Daniel Fisher writes for Forbes:
The decades-long campaign by conservatives to build a lasting majority on the U.S. Supreme Court may come to an end over the next four years, now that President Obama has apparently been reelected to the White House.
While it is possible all five of the conservative-leaning Supreme Court justices will try to hold onto their seats until the end of the Obama presidency, death and the siren call of a well-funded pension plan may pull one or more of them off of the bench. That would give Obama the opportunity to swap in a left-leaning justice who could prevent Chief Justice John Roberts from obtaining a majority in the cases that divide conservatives and liberals — abortion, affirmative action and employee and property rights.
The justice who is most likely to leave the court during the second Obama presidency is Ruth Bader Ginsburg, a liberal who at age 79 is birdlike and frail, but hardly slacking off from her prodigious work habits. More worrisome to conservatives is Justice Antonin Scalia, tied with Justice Clarence Thomas as the most conservative judge on the high court (and a self-described “best buddy” with Ginsburg) who at 76 has discussed retirement recently with various reporters.
“Of course I’ll retire,” he told CNN’s Piers Morgan in July. “Certainly I’ll retire when I — when I think I’m — I’m not doing as good a job as I used to. That — that will make me feel very bad.”
Justice Anthony Kennedy is also 76. The court’s swing vote has infuriated and enthused conservatives in practically equal measure since Ronald Reagan nominated him in 1987 to replace his failed first choice, ultraconservative Robert Bork. Kennedy has sided with the conservatives in many important cases recently, including his surprising (to me, anyway), vote against Obamacare this summer.
If Kennedy retires or dies during the Obama administration, instead of a swing vote, the court will get a justice who more reliably will side with the liberals on questions such as employee rights, the breadth of Congressional power, and hot-button issues with trial lawyers such as whether class actions can be preempted by the Federal Arbitration Act.
“It all depends who gets replaced,” said James Burling of the libertarian Pacific Legal Foundation, which won a groundbreaking case this year involving the rights of landowners to challenge the government’s designation of their property as protected inland wetlands. “If it’s Ginsberg, well, things can’t possibly be much worse.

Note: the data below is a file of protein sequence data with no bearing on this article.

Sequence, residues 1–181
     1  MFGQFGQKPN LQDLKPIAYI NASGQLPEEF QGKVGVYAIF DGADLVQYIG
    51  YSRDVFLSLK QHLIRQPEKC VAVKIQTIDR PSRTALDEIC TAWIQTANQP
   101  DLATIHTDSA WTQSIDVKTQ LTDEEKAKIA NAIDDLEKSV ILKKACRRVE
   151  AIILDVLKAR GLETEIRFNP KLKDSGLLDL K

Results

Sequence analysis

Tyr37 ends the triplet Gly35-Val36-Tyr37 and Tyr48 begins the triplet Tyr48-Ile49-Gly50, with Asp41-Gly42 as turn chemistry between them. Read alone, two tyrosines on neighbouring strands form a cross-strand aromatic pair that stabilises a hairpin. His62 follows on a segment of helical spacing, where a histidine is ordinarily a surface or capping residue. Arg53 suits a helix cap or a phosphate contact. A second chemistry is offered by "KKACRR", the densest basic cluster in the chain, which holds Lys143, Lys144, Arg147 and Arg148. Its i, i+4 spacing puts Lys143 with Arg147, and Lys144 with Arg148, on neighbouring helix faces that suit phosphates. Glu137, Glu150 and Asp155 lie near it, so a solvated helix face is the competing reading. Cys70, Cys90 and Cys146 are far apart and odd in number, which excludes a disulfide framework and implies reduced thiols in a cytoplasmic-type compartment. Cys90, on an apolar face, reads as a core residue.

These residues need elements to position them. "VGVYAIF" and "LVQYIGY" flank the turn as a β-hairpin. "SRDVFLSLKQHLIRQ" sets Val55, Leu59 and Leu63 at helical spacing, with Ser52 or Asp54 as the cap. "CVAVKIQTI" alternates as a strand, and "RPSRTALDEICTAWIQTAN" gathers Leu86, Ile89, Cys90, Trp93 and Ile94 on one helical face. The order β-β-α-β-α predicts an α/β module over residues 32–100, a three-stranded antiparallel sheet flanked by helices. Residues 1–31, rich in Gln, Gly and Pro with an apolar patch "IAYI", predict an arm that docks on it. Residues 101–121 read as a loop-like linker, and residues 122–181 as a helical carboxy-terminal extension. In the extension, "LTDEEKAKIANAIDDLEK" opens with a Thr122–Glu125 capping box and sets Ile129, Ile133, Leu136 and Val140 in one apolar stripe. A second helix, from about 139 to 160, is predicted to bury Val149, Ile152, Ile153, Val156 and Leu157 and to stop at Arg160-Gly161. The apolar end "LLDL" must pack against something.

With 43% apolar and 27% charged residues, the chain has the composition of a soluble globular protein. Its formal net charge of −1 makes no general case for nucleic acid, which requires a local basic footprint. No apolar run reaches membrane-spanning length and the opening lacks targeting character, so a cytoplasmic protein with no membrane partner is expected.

If youre talking about replacing Kennedy, that’s potentially quite troubling.”
Of course, any of these judges may stick it out until Obama himself has retired. The oldest-sitting Supreme Court justice, Oliver Wendell Holmes, remained on the bench until he was almost 91.
But it is more likely at least one of them will leave the bench during the final Obama years, either through retirement or death. According to this paper by Ross M. Stolzenberg of the University of Illinois and James Lindgren of Nortwestern University Law School, the odds of a justice dying in office is slightly more than 5% per year, increasing steadily as justice age past 70. About 45% of all Supreme Court justices have died in office, while 47% retired.
Another finding by Stolzenberg and Lindgren should give hope to conservatives. The researchers studied when justices tend to retire and found there is a 2.6 times chance they will step down voluntarily if the president is from the same party as the one who nominated them. Put another way, there is a significantly higher chance they will try to hold on to their seat until a president from their own party is elected, or they die. The odds of a justice retiring are higher in the first two years of a presidential term.
Liberals have a long list of issues they’d like to see decided by a less conservative court. The Center for American Progress listed most of them in a handwringing piece this fall, “An Obama Supreme Court vs. A Romney High Court.” Many seem to follow the concerns of trial lawyers, including:
- Mandatory arbitration for employee lawsuits, which would cut down on lucrative mass wage-and-hour suits.
- Age-discrimination suits, which were limited under a 2008 decision, Gross v. FBL Financial.
- Using federal law to preempt suits in state courts, where juries can be more generous to plaintiffs and judges more difficult toward corporate defendants.
A newly liberalized court might also revisit affirmative action, which the Roberts Court will likely limit further, or declare unconstitutional, in the pending Fisher vs. University of Texas decision. A liberal majority also might look for an opportunity to reverse Citizens United, which itself overturned federal campaign-finance reform law as well as prior Supreme Court precedent limiting corporate and union contributions toward political speech. It also might reverse the Roberts Court’s decisions allowing voter identification laws and severely limiting Congress’ power to compel the states to do its bidding.